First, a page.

Grandfather Mountain, NC
By L. Stewart Marsden
I live in a condo in the mountains of North Carolina. The focus of the condo is a great room that has a spectacular view of Grandfather Mountain. The great room is about 24 feet high on the exterior wall, into which two sets of casement windows have been built, one set low, and one set high.
That wall is also southern-facing, and catches quite a bit of sunlight — and heat — during the day. In the wintertime, the heat is a welcomed source of comfort. In the summertime, not so much.
My parents lived in the condo during the summertime. They loved the green mountains and the area. In the wintertime, they migrated south to St. Petersburg and a temperate winter clime.
I’ve never seen the upper set of casement windows in the great room open before. It makes sense to open them, as hot air rises, and openings would definitely make the condo much cooler in the summer (there is no air conditioning).
Two maneuvers are required to open the casement windows: unlatching a lock lever by pushing it up; and cranking the hand crank one way or other to swivel the windows open. No sweat on the lower set of windows.
But the upper windows?
I called Andersen Windows, figuring they made the casement windows, and surely in vacation homes stacked casements are not a rarity, so they must have some device to do the trick.
“We just make the windows,” said the pinch-nosed customer service person who sounded like I was keeping her from her iPhone activity. “You might check with Home Depot.”
I called, but it was 9:00 am, and the people in the Windows and Doors Department don’t come strolling in to work until 10 or so. And they aren’t always there. Said the phone receptionist. Also pinch-nosed. Also irked because I interrupted some online iPhone game.
I went to Lowe’s.
Hardware stores are a man’s Nirvana! It’s so easy to get distracted by all the things you want but don’t need. But I was resolute, and kept focused, and wandered about until I found myself in the Paint Department. There I discovered telescoped handles for painters who need to reach high wall levels, or maybe ceilings. I mean this thing was industrial strength, and had a girth in the first section that took two hands to hang on to. Massive! And it extended — oh, I don’t know — maybe a couple hundred feet! There were four or five sections and I opened that sucker up all the way! I coulda scratched the back of the people waiting to check out with their stuff had I wanted.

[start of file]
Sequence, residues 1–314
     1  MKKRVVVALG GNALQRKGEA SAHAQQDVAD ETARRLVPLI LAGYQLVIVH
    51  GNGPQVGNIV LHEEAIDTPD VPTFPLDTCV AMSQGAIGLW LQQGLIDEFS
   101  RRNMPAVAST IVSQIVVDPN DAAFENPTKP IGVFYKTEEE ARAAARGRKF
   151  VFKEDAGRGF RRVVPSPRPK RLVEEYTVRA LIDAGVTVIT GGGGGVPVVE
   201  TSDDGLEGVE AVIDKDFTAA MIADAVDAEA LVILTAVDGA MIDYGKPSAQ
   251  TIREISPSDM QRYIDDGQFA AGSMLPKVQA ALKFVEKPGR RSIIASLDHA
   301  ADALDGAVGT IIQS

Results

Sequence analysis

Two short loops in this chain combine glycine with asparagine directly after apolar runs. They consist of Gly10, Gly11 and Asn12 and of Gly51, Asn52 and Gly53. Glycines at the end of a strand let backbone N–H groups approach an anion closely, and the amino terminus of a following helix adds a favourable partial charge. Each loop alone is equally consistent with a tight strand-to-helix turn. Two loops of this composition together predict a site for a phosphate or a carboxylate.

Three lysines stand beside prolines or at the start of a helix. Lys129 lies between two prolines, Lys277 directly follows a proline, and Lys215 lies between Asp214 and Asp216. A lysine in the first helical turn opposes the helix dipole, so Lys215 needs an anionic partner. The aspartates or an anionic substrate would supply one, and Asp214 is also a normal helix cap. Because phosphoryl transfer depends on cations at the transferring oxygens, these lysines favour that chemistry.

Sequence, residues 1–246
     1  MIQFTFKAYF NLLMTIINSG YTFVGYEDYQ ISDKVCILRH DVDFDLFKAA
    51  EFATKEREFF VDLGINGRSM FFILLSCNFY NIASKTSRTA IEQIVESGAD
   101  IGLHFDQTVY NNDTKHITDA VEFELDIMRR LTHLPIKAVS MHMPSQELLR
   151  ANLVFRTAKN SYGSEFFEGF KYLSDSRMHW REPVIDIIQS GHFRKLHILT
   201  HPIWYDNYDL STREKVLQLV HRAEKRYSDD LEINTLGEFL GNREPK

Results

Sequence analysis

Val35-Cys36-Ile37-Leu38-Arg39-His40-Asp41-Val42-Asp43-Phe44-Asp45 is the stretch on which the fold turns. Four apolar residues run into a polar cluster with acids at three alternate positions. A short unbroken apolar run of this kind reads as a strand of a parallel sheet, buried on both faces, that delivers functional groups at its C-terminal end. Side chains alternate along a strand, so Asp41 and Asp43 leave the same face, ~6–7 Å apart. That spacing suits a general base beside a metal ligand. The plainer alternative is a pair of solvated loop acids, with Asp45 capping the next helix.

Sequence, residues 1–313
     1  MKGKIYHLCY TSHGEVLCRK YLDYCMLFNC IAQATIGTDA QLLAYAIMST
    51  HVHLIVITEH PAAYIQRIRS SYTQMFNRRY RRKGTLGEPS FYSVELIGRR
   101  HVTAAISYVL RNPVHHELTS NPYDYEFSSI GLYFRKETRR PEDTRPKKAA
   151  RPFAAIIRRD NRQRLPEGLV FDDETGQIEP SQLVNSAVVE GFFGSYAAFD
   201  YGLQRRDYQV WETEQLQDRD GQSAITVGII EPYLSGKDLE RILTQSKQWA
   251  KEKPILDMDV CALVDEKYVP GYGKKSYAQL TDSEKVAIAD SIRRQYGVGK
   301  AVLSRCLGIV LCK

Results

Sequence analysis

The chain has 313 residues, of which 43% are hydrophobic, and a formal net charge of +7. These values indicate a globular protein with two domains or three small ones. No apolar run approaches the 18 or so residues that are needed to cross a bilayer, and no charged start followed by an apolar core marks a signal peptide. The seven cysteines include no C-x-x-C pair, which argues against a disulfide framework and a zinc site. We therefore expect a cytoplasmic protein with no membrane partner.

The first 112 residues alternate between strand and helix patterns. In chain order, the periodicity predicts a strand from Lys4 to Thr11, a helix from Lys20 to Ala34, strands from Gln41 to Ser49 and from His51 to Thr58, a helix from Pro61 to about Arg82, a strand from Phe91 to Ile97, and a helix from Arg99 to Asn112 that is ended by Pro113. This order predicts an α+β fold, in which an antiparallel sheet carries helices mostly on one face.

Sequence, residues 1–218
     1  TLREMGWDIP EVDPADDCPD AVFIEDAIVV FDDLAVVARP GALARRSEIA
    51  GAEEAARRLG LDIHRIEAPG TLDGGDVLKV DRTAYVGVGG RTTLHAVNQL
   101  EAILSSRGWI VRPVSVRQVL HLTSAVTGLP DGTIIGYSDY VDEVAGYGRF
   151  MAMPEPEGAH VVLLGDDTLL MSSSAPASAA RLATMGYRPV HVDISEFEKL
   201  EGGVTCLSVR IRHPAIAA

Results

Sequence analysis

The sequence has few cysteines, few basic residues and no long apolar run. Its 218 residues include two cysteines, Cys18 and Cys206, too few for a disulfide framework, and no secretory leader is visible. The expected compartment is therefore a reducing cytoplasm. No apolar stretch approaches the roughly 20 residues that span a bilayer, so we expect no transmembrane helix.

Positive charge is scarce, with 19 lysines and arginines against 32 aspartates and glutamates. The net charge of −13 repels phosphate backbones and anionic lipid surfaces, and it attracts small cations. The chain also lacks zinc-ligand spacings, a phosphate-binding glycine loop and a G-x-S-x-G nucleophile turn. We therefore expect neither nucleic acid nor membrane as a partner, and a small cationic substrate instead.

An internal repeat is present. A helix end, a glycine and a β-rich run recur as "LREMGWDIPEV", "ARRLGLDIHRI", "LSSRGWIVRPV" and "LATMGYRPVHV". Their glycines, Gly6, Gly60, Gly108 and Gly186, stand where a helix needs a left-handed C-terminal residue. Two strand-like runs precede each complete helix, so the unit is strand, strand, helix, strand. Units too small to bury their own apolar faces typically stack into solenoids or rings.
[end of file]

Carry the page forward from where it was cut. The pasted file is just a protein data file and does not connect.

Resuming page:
Price: Like more than $50 bucks. At Lowe’s! I figured if push came to shove, I could buy it, use it to open my windows (not knowing exactly how) and return it for a refund. Then go back in the fall, buy it, close my windows, and return it again for a refund. I’m of Scotch-Irish descent, by the way.
Oh, like you haven’t done that before!
But I didn’t. I’m not Catholic, but I still have a conscience that can bother the heck out of me.
When I moved into the condo, I found many things out about my parents, who are now deceased. One, they were pack rats. I found copies of my dad’s public school primary through high school report cards! A little brittle from the wear of the years, but legible. They were in one of the drawers in a desk in the master bedroom. Along with paper clips, and little doo-dads and stuff. Lots and lots of stuff.
I also found that my dad must have felt one electrical outlet could feed twenty more extension plugs and wires. Nearly every outlet looked as though it was regurgitating wires and plugs! Like the dad in the classic movie, A Christmas Story.
And, he had just about every tool known to mankind. Several tool kits. Screwdrivers, hammers, wrenches, saws, ratchet sets, screws and nails … You name it.
I knew if I wandered about and fixated on opening that upper level of casement windows, I would be able to do it. If there’s a will, there’s a way.
Hence MacGyver. Or the crew of Apollo 13 and NASA. Or any other do-or-die situation artist.
So I wandered. And I fixated. And in the basement floor level owner’s closet (really a pretty nice-sized room) I found it! An extension painting handle, and one of those paint roller frames! So excited to try it out, I bounded back up to the great room, screwed on the paint roller frame to the extension pole, and then extended the pole!
This should not have been such an exciting and self-satisfying event, but it was! And, voila! It worked! My jury-rigged contraption worked wonderfully well, and I was able to unlock and roll open each casement!
Almost tantamount to a toddler making his first doody in the potty! Look what I did!
Jury-rigging. I used to call it jerry-rigging, for some reason. Then I found out otherwise. The term is nautical in nature. Basically means doing with what you have. Like replacing rigging on a ship miles at sea when there’s no marina or Lowe’s nearby. Like MacGyver, or the Apollo 13 crew and NASA.
It could also refer to rigging a jury, I suppose. Fixing a verdict. Or it could be the determination of something — some design or program — by a jury of folk. You know — “well I think it should do this or that” kind of process. Always works out good, right?
Kinda like our politicians in Washington, where everything is rigged to some extent, jury or jerry or whatever.
You wondered when I was going to get around to that, right?
Good place to stop.